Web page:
Mark Bullingham expects ‘things to get complicated’ if season forced into July

Football Association chief executive Mark Bullingham admits “things will get much more complicated” for the game’s administrators if the current season is forced to go beyond June 30 because of the coronavirus pandemic.

The FA, Premier League and EFL are treating the completion of the English domestic season as a “priority”.

However, the decision on Tuesday to push Euro 2020 back to the summer of 2021 has created extra space in the calendar to do so, with the Premier League and EFL having suspended competition until April 4 and 3 respectively.

The EFL board meets on Wednesday, with a Premier League meeting set to take place on Thursday to hold further talks on next steps.

Bullingham admits going beyond June 30 – the point at which player contracts expire and which marks the official end of one season and the start of another – could present problems, but says “nothing is off the table” in terms of a finish date.

“Clearly, things get much more complicated after June 30, but I would say nothing is off the table right now in the discussions being talked about both internationally and domestic level,” he said.

“No one knows exactly what is going to happen and we have got many different scenarios which I won’t go into in detail but clearly moving the tournament in the summer does potentially create more space for the domestic season to finish, which is everyone’s priority.”

It is understood dates of June 24 and June 27 were pencilled in, but not officially confirmed, for the Europa League and Champions League finals during the UEFA meeting on Tuesday.

Asked whether the FA Cup could be scrapped to help get the season completed, Bullingham said: “Within the context of that, clearly from our point of view, the FA Cup is incredibly important.

“We are talking the priority being that, whenever football can be played again, to complete the domestic season, we are talking about both the league and the FA Cup.”

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Despite the obvious uncertainty and complications caused by the pandemic, Bullingham maintains everyone wants to see a proper conclusion to the 2019-20 campaign.

“We would all like, including all the international federations, the domestic season to be finished – that is one of the main reasons for delaying the Euros to allow, if the virus gets under control, a window to potentially finish the season,” Bullingham told Sky Sports.

“At the moment we don’t know what’s going to happen. We are planning for every eventuality so we can react but the most important thing is people’s health.

“Football is not our number one priority right now as a nation so clearly we have to work with everyone to make sure we bring this pandemic under control and then we work out how football can fit in as and when that is done.

“We are building up every scenario plan and every eventuality so when we get told football is safe, we will react accordingly.”

Wembley is set to stage the semi-finals and final of the European Championships, which have been moved to the summer of 2021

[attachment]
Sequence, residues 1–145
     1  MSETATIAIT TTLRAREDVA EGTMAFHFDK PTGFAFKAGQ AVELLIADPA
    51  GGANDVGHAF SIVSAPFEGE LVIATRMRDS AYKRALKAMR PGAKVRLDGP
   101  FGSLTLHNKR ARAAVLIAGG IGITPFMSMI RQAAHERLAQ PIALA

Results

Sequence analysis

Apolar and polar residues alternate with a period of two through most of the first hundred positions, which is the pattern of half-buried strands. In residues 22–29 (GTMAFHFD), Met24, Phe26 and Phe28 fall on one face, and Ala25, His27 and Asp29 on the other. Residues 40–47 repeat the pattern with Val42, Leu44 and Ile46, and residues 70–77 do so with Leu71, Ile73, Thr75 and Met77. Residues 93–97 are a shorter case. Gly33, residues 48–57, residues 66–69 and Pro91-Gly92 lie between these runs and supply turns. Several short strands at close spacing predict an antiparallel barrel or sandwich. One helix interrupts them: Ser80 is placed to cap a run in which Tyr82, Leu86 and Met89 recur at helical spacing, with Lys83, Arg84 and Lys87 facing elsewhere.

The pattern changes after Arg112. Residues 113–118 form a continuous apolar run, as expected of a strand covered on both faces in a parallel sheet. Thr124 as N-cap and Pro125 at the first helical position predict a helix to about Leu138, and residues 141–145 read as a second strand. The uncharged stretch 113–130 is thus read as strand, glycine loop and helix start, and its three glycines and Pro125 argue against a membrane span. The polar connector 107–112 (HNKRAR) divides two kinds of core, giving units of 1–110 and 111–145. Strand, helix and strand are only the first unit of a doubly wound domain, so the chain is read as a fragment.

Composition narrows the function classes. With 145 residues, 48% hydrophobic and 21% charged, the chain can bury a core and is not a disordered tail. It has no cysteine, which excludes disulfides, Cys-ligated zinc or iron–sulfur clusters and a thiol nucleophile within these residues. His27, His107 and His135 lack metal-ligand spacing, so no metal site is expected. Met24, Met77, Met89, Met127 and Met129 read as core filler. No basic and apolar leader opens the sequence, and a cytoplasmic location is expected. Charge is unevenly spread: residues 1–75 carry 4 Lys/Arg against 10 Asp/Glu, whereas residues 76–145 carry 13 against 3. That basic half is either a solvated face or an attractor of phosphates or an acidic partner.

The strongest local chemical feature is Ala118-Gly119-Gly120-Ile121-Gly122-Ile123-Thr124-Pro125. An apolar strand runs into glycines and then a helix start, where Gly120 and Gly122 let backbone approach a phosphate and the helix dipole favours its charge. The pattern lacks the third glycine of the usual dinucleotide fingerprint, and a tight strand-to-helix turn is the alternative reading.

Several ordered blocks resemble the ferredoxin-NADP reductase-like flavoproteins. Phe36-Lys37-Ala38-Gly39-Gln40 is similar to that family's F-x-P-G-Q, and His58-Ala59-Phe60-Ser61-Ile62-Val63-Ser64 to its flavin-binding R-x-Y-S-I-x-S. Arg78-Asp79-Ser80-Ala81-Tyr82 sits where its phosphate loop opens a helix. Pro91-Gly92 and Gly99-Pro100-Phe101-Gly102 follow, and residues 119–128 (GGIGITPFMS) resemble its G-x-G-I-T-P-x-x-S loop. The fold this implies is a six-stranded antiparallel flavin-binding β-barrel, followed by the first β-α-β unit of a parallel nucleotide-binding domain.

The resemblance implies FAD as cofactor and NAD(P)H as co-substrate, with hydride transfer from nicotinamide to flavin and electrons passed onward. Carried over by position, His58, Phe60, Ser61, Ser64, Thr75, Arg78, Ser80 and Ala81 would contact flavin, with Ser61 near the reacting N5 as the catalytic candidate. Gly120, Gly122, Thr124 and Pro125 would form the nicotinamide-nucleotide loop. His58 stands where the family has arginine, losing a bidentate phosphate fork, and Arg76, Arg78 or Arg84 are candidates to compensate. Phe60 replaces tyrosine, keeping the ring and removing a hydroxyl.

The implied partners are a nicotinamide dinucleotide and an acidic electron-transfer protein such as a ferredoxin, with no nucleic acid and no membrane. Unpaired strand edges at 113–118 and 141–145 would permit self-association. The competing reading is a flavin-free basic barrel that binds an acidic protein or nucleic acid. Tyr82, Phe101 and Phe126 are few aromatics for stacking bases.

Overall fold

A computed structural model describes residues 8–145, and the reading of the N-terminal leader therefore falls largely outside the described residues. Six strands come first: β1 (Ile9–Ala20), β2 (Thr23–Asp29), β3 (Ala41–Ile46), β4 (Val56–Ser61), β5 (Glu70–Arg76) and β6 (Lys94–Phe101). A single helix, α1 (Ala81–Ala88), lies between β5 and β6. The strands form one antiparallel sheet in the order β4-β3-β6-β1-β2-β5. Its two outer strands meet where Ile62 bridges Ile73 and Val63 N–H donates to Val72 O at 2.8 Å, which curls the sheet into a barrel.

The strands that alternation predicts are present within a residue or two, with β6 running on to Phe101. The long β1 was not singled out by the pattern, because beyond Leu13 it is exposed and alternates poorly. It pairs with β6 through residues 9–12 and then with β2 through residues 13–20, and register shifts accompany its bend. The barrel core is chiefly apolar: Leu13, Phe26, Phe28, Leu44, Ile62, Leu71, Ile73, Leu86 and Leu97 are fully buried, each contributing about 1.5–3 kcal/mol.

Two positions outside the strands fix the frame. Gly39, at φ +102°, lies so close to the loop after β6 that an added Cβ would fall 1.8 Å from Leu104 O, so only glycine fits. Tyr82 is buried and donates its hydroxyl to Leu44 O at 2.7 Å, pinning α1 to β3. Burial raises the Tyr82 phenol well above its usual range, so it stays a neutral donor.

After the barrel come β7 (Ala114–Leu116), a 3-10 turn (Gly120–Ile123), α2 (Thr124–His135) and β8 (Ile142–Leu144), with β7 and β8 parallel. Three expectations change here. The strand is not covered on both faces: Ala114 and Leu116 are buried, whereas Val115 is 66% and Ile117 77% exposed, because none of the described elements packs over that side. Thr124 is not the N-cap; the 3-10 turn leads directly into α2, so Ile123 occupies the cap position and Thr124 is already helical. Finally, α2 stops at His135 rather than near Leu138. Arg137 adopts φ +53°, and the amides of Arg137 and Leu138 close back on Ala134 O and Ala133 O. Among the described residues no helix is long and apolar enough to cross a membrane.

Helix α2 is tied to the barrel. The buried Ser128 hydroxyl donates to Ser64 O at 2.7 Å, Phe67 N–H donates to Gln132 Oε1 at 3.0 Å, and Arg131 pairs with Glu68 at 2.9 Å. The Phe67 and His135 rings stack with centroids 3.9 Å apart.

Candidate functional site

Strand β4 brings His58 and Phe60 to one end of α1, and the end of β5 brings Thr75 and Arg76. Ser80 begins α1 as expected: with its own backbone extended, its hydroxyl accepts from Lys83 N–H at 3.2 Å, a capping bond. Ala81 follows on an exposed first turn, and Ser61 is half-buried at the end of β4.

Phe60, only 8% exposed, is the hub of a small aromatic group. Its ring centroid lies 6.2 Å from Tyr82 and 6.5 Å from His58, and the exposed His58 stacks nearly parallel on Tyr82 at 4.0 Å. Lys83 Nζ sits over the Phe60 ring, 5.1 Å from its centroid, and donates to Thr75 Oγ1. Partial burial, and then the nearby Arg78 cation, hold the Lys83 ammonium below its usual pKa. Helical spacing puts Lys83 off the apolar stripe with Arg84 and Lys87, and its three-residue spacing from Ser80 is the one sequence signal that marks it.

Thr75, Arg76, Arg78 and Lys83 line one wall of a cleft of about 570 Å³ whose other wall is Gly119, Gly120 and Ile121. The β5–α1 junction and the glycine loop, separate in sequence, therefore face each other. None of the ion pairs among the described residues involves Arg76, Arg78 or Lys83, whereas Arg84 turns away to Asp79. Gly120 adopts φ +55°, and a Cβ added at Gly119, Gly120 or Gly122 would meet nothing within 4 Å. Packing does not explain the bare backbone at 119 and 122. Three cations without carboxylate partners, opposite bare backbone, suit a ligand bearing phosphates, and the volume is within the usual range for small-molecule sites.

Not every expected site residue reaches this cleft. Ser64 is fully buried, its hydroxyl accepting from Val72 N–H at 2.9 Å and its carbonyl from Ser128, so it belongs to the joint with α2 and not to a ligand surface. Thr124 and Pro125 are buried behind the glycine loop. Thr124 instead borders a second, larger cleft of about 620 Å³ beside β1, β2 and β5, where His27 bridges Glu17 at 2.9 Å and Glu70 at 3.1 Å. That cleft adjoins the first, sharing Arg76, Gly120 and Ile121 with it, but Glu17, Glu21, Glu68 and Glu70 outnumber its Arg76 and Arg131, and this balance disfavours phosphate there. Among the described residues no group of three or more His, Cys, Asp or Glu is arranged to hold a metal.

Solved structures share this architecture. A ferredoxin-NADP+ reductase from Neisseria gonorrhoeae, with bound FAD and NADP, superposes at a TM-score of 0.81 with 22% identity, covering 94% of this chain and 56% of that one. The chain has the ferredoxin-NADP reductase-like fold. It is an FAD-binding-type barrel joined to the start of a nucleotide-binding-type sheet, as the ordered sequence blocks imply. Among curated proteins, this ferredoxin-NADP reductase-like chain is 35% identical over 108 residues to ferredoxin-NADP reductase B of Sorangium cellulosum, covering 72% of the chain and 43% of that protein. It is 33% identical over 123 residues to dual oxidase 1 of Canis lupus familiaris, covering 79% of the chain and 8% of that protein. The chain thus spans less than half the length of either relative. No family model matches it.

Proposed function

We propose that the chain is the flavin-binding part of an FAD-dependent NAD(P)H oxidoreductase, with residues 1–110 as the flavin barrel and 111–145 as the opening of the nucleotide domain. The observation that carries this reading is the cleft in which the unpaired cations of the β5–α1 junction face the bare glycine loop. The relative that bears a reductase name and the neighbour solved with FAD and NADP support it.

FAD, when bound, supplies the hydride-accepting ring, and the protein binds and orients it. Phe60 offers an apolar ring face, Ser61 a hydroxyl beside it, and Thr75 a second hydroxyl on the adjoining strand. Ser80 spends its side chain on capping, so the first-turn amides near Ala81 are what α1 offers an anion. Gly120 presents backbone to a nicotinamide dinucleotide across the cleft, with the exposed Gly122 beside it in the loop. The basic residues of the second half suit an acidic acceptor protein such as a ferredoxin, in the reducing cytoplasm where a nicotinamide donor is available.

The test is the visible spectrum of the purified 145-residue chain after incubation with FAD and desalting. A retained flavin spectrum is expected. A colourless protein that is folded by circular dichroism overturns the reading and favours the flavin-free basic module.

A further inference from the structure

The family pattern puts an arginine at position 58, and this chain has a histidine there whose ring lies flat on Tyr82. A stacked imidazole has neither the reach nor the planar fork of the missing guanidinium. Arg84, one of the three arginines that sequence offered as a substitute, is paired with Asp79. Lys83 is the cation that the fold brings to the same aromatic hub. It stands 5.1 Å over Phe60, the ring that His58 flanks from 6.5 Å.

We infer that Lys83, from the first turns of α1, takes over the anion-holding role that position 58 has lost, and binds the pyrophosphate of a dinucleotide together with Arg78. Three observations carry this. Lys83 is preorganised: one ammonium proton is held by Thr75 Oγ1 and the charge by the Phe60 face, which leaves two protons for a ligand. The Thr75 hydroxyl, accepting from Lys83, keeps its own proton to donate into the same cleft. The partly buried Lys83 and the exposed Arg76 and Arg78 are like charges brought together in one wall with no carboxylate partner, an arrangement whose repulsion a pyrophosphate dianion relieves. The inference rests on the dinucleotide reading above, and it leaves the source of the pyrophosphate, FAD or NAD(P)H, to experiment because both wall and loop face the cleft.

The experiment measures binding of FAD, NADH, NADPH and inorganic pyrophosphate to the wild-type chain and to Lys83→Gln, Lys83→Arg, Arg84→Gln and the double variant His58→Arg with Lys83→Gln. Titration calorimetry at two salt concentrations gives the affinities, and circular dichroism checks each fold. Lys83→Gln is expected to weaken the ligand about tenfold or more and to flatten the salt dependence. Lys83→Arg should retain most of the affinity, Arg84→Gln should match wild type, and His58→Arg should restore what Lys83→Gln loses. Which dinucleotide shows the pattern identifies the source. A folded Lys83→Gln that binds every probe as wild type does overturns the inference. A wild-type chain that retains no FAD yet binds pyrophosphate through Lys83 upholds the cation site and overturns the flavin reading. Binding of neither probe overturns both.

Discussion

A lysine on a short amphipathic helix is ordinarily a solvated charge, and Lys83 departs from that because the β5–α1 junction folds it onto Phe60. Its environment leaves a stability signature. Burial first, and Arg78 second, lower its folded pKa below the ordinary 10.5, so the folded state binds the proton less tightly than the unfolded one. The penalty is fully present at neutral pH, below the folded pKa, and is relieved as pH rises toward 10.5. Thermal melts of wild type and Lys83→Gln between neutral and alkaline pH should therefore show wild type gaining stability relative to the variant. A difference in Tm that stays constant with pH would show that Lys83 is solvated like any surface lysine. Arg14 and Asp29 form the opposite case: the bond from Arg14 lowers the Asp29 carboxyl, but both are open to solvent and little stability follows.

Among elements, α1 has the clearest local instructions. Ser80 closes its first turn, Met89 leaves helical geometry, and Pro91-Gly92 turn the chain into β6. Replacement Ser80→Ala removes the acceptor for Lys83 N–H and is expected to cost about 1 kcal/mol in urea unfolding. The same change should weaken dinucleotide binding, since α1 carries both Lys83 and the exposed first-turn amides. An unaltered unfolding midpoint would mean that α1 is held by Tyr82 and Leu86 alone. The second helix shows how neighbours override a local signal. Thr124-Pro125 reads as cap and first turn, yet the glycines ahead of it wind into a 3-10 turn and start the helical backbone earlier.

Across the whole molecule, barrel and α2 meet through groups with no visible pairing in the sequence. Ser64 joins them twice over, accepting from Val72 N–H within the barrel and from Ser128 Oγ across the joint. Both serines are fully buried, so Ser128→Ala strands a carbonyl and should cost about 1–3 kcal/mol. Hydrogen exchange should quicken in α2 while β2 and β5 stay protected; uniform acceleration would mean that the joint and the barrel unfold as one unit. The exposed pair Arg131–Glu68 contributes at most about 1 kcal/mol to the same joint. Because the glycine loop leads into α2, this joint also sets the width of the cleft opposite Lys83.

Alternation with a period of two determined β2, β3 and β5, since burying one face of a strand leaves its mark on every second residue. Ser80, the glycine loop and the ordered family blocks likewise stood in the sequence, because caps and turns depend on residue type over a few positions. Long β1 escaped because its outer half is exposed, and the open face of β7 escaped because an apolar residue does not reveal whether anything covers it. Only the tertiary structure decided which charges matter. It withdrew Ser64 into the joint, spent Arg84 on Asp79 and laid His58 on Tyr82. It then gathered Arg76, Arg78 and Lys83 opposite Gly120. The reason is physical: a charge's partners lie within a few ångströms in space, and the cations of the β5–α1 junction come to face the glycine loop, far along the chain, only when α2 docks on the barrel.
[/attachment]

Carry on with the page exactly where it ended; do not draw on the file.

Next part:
Wembley is set to stage the semi-finals and final of the European Championships, which have been moved to the summer of 2021 (Nick Potts/PA)

Bullingham reiterated Wembley’s desire to host seven matches at the tournament – including the semi-finals and final – and praised football for being “especially united”.

FIFA president Gianni Infantino said the postponement of Euro 2020 until next year would be formally accepted on Wednesday.

Scottish FA chief executive Ian Maxwell said the postponement was “absolutely the right decision”.

Glasgow is one of the host cities for the tournament and Maxwell said in a video posted on the SFA Twitter feed that, from a planning perspective, it was “business as usual”.

The Euro 2020 play-offs, due to be played this month, will now take place in the June international window.

Scotland are due to face Israel in the play-offs, but Maxwell admitted it was “difficult to envisage a situation” where the games would be able to go ahead in June.

Northern Ireland take on Bosnia and Herzegovina in the play-offs.

Irish FA chief executive Patrick Nelson added: “At this point we can’t be sure that we will be back playing football by then but that is the initial plan laid out by UEFA.”

Gary Owens, interim chief executive at the Football Association of Ireland, said plans would immediately get under way regarding the four fixtures set to be hosted in Dublin during the Euros.

He said: “UEFA has made the right decision today in the interests of the health and well-being of football players, fans and staff alike.

“We support this decision and we look forward to working with all our stakeholders on reorganising UEFA Euro 2021 for Dublin next year.

“We would like to thank all our partners – the government, Dublin City Council, Aviva Stadium and all the agencies and partners who have worked really well with us on the UEFA Euro 2020 project for the last few years.

“We have agreed with these partners that we will now begin to plan together for the four UEFA Euro 2021 games here next year which will be the centenary year of the FAI.”

The Football Association of Wales also backed UEFA’s decision.

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